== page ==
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Vivo announces a new RGBW camera sensor for smartphones

China-based smartphone maker Vivo has just announced an advanced RGBW sensor. This new sensor will replace the sensors present in current Vivo smartphones in the second half of 2021. The company will bring the sensor to its complete smartphone lineup gradually. Vivo held a press conference to announce the new RGBW camera sensor. As part of the conference, the company shared more information around its latest sensor. This Vivo-signed sensor will minimize the false-color tone problems caused by the light. It is also stated to feature improved sensitivity towards light. According to the company’s claims, the new sensor allows capturing 160% more light than conventional sensors. Also Read – Vivo Watch could be coming in two variants; check details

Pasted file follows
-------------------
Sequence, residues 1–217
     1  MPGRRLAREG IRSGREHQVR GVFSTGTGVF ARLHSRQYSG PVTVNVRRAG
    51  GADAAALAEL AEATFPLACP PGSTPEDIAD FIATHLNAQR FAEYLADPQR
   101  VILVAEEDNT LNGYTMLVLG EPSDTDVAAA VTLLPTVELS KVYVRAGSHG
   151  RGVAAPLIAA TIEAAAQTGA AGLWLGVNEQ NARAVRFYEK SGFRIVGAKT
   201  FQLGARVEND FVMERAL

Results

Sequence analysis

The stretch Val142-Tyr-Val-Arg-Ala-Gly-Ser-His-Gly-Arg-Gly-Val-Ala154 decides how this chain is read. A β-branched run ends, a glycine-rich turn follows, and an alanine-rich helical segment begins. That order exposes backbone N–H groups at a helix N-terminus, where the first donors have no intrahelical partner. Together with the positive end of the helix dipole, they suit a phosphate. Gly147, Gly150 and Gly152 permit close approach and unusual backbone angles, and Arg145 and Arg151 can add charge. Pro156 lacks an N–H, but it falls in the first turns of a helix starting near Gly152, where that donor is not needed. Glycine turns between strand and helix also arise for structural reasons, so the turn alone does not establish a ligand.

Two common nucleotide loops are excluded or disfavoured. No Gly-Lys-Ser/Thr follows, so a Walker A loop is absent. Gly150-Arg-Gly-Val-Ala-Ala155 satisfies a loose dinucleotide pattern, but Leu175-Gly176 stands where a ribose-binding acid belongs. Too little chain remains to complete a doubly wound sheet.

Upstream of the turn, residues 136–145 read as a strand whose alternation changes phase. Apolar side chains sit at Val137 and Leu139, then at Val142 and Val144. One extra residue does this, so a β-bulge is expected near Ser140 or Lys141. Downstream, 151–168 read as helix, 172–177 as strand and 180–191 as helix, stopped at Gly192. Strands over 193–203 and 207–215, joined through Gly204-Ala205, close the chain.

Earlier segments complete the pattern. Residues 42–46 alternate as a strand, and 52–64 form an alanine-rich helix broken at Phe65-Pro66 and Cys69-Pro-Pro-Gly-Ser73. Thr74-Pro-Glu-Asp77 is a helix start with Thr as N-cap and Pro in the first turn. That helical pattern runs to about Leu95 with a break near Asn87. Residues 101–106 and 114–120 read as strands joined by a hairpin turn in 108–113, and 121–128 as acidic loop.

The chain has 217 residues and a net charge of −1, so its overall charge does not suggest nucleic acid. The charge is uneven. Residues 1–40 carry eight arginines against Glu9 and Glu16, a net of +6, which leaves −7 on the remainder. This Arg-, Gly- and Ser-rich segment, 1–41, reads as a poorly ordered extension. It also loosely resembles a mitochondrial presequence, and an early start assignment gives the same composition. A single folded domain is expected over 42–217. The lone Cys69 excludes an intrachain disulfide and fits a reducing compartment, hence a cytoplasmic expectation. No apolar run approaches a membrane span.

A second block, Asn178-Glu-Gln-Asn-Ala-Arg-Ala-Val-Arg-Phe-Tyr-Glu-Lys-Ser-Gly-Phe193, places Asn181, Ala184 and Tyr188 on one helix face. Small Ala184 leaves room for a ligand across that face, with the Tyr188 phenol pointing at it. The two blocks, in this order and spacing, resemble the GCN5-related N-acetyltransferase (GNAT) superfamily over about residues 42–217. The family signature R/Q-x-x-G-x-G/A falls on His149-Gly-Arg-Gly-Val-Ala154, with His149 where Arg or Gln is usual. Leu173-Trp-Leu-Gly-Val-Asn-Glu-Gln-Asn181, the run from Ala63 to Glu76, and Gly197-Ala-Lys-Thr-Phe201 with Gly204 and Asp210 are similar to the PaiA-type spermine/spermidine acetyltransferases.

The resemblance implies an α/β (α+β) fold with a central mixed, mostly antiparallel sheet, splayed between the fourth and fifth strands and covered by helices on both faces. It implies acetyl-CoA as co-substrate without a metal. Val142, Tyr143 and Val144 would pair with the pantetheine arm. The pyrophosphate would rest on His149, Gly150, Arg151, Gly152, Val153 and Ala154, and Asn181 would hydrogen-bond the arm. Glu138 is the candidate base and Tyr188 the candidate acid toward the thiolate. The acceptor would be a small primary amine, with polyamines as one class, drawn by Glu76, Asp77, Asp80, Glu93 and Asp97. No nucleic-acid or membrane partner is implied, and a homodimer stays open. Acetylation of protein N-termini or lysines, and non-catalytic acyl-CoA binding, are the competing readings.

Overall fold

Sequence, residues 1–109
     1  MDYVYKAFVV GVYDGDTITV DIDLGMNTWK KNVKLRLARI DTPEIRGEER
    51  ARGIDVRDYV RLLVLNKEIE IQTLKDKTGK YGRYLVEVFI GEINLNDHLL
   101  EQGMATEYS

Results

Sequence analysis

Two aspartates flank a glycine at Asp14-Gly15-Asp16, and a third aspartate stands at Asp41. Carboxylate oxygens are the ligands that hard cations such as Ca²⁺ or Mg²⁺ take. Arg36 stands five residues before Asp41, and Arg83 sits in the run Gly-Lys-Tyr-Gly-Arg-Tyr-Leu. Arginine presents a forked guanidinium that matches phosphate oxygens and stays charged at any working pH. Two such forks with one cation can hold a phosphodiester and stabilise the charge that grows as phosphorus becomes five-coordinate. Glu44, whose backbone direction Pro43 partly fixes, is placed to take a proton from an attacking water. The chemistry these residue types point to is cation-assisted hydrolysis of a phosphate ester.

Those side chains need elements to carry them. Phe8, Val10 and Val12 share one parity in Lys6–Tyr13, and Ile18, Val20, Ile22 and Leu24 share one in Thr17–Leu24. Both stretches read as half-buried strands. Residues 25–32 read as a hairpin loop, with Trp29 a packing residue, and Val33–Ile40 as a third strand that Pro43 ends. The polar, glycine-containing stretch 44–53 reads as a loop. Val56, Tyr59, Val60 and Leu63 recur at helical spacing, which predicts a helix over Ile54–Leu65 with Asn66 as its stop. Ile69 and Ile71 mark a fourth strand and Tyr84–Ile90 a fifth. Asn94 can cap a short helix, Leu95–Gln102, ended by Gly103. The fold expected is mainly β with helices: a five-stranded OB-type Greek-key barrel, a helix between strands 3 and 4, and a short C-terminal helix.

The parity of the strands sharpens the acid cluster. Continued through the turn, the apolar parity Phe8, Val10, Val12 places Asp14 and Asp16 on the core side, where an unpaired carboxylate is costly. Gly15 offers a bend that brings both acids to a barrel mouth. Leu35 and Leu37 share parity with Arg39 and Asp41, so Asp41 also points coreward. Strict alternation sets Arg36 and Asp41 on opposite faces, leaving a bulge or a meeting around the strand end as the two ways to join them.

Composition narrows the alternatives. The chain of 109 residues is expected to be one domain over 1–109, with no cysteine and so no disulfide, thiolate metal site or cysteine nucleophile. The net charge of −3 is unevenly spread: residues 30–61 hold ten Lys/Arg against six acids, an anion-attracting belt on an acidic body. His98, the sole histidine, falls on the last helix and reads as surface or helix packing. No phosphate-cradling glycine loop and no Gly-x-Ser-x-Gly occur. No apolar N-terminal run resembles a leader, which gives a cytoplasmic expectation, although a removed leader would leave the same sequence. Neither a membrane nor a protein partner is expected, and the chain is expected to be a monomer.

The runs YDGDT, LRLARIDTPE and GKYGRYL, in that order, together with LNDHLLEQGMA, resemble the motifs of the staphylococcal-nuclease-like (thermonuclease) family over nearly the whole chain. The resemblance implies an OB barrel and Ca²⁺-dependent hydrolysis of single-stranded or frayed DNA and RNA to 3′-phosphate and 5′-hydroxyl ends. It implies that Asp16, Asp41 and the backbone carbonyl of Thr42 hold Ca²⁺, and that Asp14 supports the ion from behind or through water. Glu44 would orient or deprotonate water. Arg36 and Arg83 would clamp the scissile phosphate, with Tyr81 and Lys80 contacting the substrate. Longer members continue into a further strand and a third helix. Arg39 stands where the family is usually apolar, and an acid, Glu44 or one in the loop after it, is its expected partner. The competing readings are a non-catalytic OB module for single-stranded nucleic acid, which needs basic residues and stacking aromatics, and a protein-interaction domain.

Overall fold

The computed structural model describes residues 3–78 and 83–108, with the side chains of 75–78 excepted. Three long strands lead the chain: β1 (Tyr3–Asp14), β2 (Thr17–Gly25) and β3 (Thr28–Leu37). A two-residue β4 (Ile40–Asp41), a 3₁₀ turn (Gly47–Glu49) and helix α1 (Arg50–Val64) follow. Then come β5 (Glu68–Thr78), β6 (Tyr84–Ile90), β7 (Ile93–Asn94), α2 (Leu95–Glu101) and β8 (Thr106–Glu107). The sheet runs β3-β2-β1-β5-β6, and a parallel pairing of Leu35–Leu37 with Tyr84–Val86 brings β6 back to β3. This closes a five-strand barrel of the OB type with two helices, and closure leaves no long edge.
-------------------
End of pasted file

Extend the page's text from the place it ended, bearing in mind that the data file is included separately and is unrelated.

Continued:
Vivo unveils new RGBW sensor announced, details

Vivo’s new sensor aims to improve photographic experience and image quality. The company emphasizes that it does not use other companies’ developments. Instead, the

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Apple and Google give states new options for exposure notification software

The software, which is built into the operating systems on Google’s Android phones and Apple’s iPhones, uses Bluetooth to tell whether people have spent significant time near one another. If a participant in the exposure notification program tests positive for the coronavirus, that person’s close contacts may get a notification.

“I would say this is an improvement,” said Jeffrey Kahn, director of the Johns Hopkins Berman Institute of Bioethics. Kahn, who has been studying the use of technology to fight the virus, said states have been hamstrung by indecision around which technology vendors they should use to build their apps, among other issues. He said this may help speed up adoption, but shouldn’t be considered a magic bullet. “It’s still not probably serving all the interests that public health would want, but it’s better than nothing,” he said.